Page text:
We learned this week that the average age of cars on the road in America hit a record 11.5 years. That also tells us that there are a lot of 20-year-old cars out there, and it prompted me to think of the safety changes that have come about since most of these cars were assembled. There are many, but here are some of my favorites, and options I personally look for when considering a car.
Blind Spot Monitoring: How many times have you almost changed lanes into a car that was hiding in your blind spot? This is especially true for drivers of 2-door cars. Blind Spot monitoring warns you by lights and sounds not to change lanes when you turn your blinker on. This is a must-have option for me.
Adaptive Cruise Control: This is a very handy feature for people who do a lot of highway driving. Sensors and radar monitor the speed of the vehicle in front of you and keeps you at a constant distance at all times. If your cruise is set to 70, your car will hold at 70 unless the vehicle in front of you slows down, then your vehicle will slow down too.
Hill Descent Control: This system makes it easier to descend steep inclines. They typically work by activating the brakes to automatically slow the vehicle, which works through the same basic mechanism that allows brakes and traction-control, and other technologies to function. Some hill descent control systems allow the speed to be modified via the cruise control system, and they can typically be overridden by pressing either the brake or the accelerator. This is becoming a popular feature on upper-end off-road vehicles.
Lane Departure Warning: Sensors monitor where your vehicle is in a lane. Should you veer out of the lane, without the use of your turn signal, the vehicle warns you with a sound, or in some cases, with a vibration of the seat. If you are not one that signals lane changes, this system will train you to do so, or drive you crazy.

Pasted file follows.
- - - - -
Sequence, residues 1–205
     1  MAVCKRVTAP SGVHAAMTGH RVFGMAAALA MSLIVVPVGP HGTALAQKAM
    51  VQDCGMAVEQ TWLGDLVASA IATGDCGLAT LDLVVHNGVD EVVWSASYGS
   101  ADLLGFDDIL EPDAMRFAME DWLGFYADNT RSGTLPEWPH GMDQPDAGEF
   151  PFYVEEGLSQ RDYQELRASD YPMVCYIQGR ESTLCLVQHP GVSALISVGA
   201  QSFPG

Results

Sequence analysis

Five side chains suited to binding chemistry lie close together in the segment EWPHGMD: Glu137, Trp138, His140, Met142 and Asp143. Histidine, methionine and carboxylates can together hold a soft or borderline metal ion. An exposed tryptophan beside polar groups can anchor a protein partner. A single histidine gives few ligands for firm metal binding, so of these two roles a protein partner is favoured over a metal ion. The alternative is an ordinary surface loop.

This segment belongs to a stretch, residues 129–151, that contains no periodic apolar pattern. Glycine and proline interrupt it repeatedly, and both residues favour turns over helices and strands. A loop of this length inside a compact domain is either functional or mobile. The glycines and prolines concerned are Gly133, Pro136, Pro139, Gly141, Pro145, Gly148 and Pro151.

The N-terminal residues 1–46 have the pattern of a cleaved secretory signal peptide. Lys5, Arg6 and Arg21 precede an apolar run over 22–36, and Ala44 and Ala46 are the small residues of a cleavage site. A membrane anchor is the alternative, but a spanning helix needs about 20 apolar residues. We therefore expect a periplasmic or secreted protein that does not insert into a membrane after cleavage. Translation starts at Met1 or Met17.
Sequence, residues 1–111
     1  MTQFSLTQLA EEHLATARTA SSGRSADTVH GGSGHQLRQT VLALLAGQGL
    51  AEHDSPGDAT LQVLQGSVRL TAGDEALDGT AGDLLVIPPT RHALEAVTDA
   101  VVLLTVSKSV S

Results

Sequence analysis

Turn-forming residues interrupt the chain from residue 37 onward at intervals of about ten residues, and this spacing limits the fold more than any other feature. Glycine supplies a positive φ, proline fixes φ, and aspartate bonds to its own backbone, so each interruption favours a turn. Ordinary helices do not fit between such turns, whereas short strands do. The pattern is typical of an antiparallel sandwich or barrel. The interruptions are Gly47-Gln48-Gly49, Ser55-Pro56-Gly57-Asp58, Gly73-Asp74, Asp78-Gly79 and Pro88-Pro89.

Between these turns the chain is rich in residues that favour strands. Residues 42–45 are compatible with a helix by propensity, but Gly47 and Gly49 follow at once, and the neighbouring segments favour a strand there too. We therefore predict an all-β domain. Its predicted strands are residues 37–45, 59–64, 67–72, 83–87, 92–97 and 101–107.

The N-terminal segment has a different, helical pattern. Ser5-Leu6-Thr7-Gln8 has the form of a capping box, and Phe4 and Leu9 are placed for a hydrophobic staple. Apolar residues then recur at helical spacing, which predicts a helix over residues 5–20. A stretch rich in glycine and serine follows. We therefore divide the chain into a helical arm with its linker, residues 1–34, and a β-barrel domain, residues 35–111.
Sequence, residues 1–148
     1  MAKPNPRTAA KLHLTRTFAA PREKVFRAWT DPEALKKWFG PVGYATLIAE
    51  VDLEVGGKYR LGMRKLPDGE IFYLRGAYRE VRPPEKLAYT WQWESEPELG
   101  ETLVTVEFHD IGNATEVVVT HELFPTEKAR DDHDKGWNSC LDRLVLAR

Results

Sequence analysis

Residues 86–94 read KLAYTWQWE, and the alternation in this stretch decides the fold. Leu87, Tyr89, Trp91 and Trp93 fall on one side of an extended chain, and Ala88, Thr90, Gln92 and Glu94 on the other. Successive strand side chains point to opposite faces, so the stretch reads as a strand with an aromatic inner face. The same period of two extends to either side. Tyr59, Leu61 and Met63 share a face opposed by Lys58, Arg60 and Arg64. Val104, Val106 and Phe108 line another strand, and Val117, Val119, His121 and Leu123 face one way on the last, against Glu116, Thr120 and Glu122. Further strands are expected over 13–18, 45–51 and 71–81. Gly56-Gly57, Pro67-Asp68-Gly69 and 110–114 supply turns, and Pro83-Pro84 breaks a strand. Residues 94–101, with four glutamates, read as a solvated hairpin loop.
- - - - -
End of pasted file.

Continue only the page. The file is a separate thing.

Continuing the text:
Backup Sensors and Cameras: Not only do these systems help you avoid accidents, they save lives and are getting more sophisticated every year. Sensors beep to warn you of people or objects behind you. Cameras today can give you multiple views of what is behind you, project lines that show you where you are going, and even give you an overhead view. Many camera systems allow you a cross-view when backing into traffic blindly.
Electronic Stability Control: ESC is designed to help the driver maintain control in a variety of circumstances. The main function of ECS is to compare the driver’s inputs with the behavior of the vehicle. If one of these systems determines that the vehicle isn’t responding correctly, it can take a number of corrective actions. For instance, if it detects either over-steer or under-steer when a vehicle is taking a corner, it is typically capable of activating one or more brake calipers to correct the situation. Systems like this are terrific for SUVs to mitigate rollover accidents.
Other not so common systems: Today, you can get night vision is some cars which allows you to see people and animals in the dark with thermal imaging. Automatic braking will apply the brakes for you, to a complete stop if necessary, if your car senses a collision is imminent. There are even systems that can determine if you are getting drowsy and warn you to pull over and rest.
If you are one of the people who is driving a car more than 10 years old, when you do decide to get yourself a new set of wheels, you will be much safer than in the past.